Gestural Product Interaction: Development and Evaluation of an Emotional Vocabulary

Gestural Product Interaction: Development and Evaluation of an Emotional Vocabulary

Andrew Wodehouse (University of Strathclyde, Glasgow, UK) and Jonathon Marks (University of Strathclyde, Glasgow, UK)
Copyright: © 2013 |Pages: 13
DOI: 10.4018/ijacdt.2013070101
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This research explores emotional response to gesture in order to inform future product interaction design. After describing the emergence and likely role of full-body interfaces with devices and systems, the importance of emotional reaction to the necessary movements and gestures is outlined. A gestural vocabulary for the control of a web page is then presented, along with a semantic differential questionnaire for its evaluation. An experiment is described where users undertook a series of web navigation tasks using the gestural vocabulary, then recorded their reaction to the experience. A number of insights were drawn on the context, precision, distinction, repetition and scale of gestures when used to control or activate a product. These insights will be of help in interaction design, and provide a basis for further development of the gestural vocabulary.
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As technology becomes increasingly sophisticated, consumers expect more powerful and natural user interfaces than has previously been the case (Shan, 2010). The innate human characteristic of movement and gesture make its use attractive in the control of products (Costello & Edmonds, 2007) and is likely to be important in the era of ubiquitous or pervasive computing (Abawajy, 2009). A new generation of motion controllers which currently are mainly used for gaming, such as the Microsoft Kinect for Xbox 360 (Microsoft, 2010) are expected to be used in an increasing range of products, making whole body interaction with technology a reality. This process has already begun, with the use of touch interfaces combined with accelerometers and gyroscopes on tablets and smartphones initiated by the iPhone (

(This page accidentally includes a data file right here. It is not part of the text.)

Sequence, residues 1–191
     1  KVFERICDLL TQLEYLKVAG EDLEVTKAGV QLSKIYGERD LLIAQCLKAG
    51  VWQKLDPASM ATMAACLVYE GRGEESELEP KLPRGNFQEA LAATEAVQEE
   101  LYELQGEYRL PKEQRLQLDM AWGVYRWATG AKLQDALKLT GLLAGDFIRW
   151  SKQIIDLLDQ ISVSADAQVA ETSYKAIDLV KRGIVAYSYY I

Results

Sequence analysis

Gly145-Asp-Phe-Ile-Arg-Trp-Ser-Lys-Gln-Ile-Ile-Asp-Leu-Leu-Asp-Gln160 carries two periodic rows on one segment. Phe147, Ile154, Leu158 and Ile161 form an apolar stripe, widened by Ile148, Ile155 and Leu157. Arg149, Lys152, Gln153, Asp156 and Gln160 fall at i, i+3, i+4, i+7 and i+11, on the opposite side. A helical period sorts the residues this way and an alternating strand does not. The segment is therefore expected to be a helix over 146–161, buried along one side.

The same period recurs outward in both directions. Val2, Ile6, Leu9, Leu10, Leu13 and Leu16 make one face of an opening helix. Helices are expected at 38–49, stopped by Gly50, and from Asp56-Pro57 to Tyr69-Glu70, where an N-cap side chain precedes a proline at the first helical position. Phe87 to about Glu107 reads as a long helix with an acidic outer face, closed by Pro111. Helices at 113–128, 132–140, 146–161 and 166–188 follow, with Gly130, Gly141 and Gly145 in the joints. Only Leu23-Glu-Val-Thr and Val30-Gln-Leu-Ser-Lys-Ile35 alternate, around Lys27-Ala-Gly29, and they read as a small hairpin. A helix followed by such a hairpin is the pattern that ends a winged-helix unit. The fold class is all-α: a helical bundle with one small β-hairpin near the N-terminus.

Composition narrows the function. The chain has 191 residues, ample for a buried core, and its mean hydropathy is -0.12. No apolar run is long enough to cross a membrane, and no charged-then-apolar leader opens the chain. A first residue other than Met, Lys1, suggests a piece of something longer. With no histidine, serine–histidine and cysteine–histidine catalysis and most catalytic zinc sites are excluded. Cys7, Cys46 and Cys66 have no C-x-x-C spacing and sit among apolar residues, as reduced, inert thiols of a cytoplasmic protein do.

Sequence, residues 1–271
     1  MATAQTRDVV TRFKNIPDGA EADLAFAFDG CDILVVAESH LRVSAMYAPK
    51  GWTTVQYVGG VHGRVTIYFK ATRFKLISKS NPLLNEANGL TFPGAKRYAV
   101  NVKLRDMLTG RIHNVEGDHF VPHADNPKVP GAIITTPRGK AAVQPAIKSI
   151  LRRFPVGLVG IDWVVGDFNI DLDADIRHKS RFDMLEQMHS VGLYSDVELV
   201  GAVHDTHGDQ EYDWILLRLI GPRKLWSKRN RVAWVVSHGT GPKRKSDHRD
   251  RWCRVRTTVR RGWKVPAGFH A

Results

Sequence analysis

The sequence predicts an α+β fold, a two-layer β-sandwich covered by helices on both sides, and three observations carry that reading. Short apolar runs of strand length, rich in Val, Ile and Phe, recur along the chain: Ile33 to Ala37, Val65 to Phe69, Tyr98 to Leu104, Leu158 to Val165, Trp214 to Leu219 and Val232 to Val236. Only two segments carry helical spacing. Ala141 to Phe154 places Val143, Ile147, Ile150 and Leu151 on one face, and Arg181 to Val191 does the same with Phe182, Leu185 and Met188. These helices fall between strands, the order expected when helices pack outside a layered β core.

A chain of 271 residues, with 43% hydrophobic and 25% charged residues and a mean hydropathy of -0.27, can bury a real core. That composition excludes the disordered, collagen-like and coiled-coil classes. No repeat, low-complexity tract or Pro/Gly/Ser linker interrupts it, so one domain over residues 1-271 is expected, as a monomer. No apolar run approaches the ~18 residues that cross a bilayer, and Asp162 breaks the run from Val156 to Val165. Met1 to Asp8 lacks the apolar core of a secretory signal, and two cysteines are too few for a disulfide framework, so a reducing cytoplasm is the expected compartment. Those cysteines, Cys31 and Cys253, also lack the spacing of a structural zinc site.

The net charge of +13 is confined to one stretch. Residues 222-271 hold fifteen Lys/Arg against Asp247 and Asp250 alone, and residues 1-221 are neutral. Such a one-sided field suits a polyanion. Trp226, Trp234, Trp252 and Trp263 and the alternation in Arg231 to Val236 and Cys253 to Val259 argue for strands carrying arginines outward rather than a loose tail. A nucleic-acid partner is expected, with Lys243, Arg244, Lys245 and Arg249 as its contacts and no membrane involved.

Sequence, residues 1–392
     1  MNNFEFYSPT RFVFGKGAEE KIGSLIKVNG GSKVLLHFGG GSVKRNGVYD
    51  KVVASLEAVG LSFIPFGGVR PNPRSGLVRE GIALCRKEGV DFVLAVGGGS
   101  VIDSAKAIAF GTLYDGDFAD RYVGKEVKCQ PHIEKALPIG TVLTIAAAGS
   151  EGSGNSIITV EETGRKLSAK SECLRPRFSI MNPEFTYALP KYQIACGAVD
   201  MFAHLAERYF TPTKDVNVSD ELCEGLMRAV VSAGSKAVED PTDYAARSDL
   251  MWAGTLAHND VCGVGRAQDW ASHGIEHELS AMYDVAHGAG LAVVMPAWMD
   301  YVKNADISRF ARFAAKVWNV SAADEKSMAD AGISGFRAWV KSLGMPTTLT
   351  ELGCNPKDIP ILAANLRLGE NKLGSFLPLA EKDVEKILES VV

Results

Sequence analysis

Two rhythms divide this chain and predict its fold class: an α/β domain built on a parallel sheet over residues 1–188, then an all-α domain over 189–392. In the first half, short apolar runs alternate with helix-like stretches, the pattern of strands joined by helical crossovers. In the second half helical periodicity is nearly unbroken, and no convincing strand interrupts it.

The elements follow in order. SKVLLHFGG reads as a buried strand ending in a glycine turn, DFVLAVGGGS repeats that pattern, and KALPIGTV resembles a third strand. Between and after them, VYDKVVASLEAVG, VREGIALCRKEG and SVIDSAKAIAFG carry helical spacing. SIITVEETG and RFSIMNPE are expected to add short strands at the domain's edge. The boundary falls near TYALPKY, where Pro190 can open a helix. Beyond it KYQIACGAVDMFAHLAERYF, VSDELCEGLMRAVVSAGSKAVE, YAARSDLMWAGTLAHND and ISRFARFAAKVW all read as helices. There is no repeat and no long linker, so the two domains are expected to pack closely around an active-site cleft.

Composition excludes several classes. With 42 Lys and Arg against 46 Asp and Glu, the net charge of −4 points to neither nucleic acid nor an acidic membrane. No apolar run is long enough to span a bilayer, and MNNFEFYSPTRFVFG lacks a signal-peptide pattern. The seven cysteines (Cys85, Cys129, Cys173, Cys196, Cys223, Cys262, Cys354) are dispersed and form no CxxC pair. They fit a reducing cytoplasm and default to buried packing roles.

The use of gesture, however, introduces a range of complex factors, including culture (Rico & Brewster, 2009; Yammiyavar, 2008), ergonomics (Fikkert, 2010; Saffer, 2008) and emotional response (Larssen, Robertson, & Edwards, 2006). Of these, emotion is the least understood, with the field of Emotional Design (Norman, 2004) emerging comparatively recently to address unrewarding and in some cases problematic user experiences. A product or machine may well ‘do the job’ but a positive emotional reaction is fundamental in ensuring that the interaction is pleasurable (Benyon, Hook, & Nigay, 2010). While it has been demonstrated that the use of gesture in gaming can engender positive emotions in players (Isbister & DiMauro, 2011; Lindley, Couteur, & Berthouze, 2008) and have driven much of the technology in gestural control, it is necessary to move beyond simply manipulating avatars and consider how movement can be used as a fundamental part of interaction with machines in our everyday lives.

The emergent technologies herald a shift in emphasis from designing interfaces for use to the interactions of use: the fundamental way in which we execute product operations. Gesture-based interaction possibilities are becoming increasingly important in doing this, as they bring the functionality of machine operation and the means of interaction for the user closer together. By better understanding how we react to the use of gestures in a practical setting, future designers would be then able to select and utilize appropriate gestures for different product operations and functionality. The aim of this research is therefore to explore what emotions and feelings gestures engender in users when interacting with sophisticated devices and systems.

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